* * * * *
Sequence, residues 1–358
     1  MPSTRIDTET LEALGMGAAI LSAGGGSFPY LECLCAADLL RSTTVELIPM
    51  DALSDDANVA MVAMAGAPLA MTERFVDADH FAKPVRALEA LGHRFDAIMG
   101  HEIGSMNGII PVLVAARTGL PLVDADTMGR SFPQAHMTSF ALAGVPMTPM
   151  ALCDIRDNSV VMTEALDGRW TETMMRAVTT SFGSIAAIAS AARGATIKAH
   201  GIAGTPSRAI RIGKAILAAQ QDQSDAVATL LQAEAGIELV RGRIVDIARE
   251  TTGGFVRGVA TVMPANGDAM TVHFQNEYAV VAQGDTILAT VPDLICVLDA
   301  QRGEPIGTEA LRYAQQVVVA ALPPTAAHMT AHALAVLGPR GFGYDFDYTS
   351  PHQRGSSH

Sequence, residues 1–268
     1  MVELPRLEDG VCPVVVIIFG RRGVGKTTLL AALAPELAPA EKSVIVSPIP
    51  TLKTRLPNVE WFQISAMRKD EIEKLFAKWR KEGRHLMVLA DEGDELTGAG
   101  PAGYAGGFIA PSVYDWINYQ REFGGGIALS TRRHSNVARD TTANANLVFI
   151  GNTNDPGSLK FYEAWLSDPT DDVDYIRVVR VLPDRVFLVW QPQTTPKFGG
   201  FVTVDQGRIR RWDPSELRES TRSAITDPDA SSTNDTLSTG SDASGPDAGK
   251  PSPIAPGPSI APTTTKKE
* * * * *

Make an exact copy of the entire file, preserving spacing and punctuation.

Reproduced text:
Sequence, residues 1–358
     1  MPSTRIDTET LEALGMGAAI LSAGGGSFPY LECLCAADLL RSTTVELIPM
    51  DALSDDANVA MVAMAGAPLA MTERFVDADH FAKPVRALEA LGHRFDAIMG
   101  HEIGSMNGII PVLVAARTGL PLVDADTMGR SFPQAHMTSF ALAGVPMTPM
   151  ALCDIRDNSV VMTEALDGRW TETMMRAVTT SFGSIAAIAS AARGATIKAH
   201  GIAGTPSRAI RIGKAILAAQ QDQSDAVATL LQAEAGIELV RGRIVDIARE
   251  TTGGFVRGVA TVMPANGDAM TVHFQNEYAV VAQGDTILAT VPDLICVLDA
   301  QRGEPIGTEA LRYAQQVVVA ALPPTAAHMT AHALAVLGPR GFGYDFDYTS
   351  PHQRGSSH

Sequence, residues 1–268
     1  MVELPRLEDG VCPVVVIIFG RRGVGKTTLL AALAPELAPA EKSVIVSPIP
    51  TLKTRLPNVE WFQISAMRKD EIEKLFAKWR KEGRHLMVLA DEGDELTGAG
   101  PAGYAGGFIA PSVYDWINYQ REFGGGIALS TRRHSNVARD TTANANLVFI
   151  GNTNDPGSLK FYEAWLSDPT DDVDYIRVVR VLPDRVFLVW QPQTTPKFGG
   201  FVTVDQGRIR RWDPSELRES TRSAITDPDA SSTNDTLSTG SDASGPDAGK
   251  PSPIAPGPSI APTTTKKE